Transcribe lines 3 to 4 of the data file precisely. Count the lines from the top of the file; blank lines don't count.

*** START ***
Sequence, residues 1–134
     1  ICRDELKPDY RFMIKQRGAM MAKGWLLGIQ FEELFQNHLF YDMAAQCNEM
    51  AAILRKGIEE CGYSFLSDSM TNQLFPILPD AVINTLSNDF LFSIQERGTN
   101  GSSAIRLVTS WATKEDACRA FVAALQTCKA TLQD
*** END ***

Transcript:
    51  AAILRKGIEE CGYSFLSDSM TNQLFPILPD AVINTLSNDF LFSIQERGTN
   101  GSSAIRLVTS WATKEDACRA FVAALQTCKA TLQD